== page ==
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Strong Ensemble Delivers Powerful 'Incident at Vichy' 
By Travis Michael Holder, BackStage West

Spoofing film noir is hardly a new concept. The standard Chandler-esque cliche-spouting detective reduced to taking whatever job the uptown doll-face babe entering his seedy office proposes is a familiar scenario--how many times has a leggy moll waved a few bills around and crossed her seamed stockings in the direction of a rumpled private dick down on his luck? But now this refreshingly charming musical dessert makes it all new again with a whimsical book by Scott Wentworth and one of the most snazzy, infectious musical scores to hit the boards in years. Laguna Beach Playhouse Artistic Director Andrew Barnicle, who played the detective himself in his theatre's Southern California premiere of this piece, guides the Los Angeles debut with tongue placed firmly in cheek, a twinkle in his eye, and a definite knack for playing up every chance for outrageous humor while keeping his actors just under the radar from going too far. Luckily for this production, the sometimes Brechtian, sometimes Sondheim-esque score, by Craig Bohmler and Marion Adler, is expertly sung by a trio of gifted performers, especially Kevin Symons, whose impeccable phrasing and feel for the era is clear both in the haunting ballad "Jenny" and the bluesy title number. Symons is also in top form playing the world-weary gumshoe with just the right mix of deadpanned retorts and precision comic timing. Susan Wood complements him perfectly as several different characters--or are they?--and is especially entertaining as a blowsy lounge singer who ends her song sprawled like a human pretzel across the piano. Jeffrey Rockwell not only doubles as the Red Eye Lounge's resident piano player and the story's narrator but also serves as the show's music director and occasionally steps out from behind the keyboards to play a series of minor characters, each one progressively more comical than the last. From limning Max Headroom at the piano to channeling Red Skelton in his cameo characterizations, Rockwell is hilarious throughout. Gunmetal Blues at first seems a little lost in the Colony's midsize space, surely originally intended to be presented in a more intimate setting. But Barnicle and his crack team of players and designers overcome the obstacle immediately. It is a testament to the talents of the actors to hold this show as if performing in a more intimate setting, despite the annoying microphones wired down their backs, which surprisingly never distract in this piece. The actors are aided immensely by John Berger's simple cabaret set design, which echoes the colors and the sleekness of the Colony's auditorium, and by Paulie Jenkins' rich, shadowy lighting, complete with the obligatory Venetian-blind illusion. To Jenkins' credit, the cliche blinking red "Hotel" sign outside a window never materializes. If you're looking for an evening to challenge your intelligence and discover ways to save the planet, go see Homebody/Kabul. If you want to have a load of laughs and leave the theatre with a smile, humming the contagious title tune of a musical just as you did in the old days, the Colony is the place.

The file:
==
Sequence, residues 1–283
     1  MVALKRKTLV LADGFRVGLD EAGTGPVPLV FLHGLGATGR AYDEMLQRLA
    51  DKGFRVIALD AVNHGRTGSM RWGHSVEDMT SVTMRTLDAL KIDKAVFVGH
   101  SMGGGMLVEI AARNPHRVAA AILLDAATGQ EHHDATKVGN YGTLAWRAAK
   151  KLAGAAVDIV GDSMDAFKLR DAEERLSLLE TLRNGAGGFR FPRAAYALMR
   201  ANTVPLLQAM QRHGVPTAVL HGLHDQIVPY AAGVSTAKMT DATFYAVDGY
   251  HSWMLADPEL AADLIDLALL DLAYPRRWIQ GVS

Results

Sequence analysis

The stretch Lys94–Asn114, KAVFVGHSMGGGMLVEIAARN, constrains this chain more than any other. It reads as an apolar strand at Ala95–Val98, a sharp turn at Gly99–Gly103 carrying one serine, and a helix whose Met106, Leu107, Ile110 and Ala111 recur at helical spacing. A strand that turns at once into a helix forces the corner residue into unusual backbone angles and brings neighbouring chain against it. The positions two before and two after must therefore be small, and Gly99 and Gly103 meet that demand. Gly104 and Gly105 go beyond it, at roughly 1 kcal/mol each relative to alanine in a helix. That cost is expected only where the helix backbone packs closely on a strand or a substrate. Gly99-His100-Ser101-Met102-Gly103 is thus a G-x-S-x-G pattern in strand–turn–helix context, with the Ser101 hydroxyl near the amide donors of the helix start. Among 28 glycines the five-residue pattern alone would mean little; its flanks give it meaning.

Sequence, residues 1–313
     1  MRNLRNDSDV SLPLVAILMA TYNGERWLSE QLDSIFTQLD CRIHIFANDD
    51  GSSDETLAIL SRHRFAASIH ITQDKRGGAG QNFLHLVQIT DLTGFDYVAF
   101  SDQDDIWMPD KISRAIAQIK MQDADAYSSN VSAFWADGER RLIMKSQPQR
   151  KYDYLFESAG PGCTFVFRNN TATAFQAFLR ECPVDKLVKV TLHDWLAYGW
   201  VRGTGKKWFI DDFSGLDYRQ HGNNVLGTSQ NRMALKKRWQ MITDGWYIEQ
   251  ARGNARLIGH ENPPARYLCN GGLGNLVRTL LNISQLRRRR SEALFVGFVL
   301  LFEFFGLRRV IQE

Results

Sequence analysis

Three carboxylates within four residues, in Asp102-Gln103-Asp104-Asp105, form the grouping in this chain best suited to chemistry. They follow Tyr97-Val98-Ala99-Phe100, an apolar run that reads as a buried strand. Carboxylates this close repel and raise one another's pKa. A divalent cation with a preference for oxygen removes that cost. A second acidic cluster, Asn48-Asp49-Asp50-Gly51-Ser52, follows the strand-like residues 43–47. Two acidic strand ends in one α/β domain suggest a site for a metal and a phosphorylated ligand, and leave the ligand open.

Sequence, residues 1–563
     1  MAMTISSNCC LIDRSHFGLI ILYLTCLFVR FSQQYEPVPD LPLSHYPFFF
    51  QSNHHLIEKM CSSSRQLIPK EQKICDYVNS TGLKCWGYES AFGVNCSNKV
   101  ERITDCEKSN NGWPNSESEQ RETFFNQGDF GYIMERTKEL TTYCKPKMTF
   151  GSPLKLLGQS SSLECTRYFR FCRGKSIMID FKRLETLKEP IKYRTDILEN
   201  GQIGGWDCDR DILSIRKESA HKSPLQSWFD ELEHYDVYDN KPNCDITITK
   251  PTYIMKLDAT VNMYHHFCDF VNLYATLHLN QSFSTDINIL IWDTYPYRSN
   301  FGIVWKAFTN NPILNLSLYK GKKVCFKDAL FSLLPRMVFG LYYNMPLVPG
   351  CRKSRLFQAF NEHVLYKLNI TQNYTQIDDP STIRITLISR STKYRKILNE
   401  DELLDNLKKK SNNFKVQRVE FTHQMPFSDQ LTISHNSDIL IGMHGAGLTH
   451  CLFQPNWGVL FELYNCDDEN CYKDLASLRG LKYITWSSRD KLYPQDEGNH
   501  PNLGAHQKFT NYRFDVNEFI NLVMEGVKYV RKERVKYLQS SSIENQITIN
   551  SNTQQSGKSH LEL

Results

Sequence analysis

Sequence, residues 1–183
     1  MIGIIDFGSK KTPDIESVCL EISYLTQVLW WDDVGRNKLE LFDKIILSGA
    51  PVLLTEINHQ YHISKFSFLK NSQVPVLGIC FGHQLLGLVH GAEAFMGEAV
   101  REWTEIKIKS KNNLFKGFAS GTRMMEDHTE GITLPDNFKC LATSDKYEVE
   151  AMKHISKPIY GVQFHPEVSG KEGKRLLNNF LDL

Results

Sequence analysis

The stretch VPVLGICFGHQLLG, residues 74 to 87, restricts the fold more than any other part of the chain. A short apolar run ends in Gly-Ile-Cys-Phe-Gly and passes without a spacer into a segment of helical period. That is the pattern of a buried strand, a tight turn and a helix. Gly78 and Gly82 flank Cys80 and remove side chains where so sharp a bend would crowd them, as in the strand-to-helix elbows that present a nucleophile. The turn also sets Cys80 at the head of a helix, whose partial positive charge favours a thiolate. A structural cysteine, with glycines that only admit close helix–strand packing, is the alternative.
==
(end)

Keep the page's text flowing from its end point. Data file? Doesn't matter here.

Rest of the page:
Copyright 2003 VNU eMedia (Back Stage West) 
Reprinted by Permission 
Gunmetal Blues at the Colony Theatre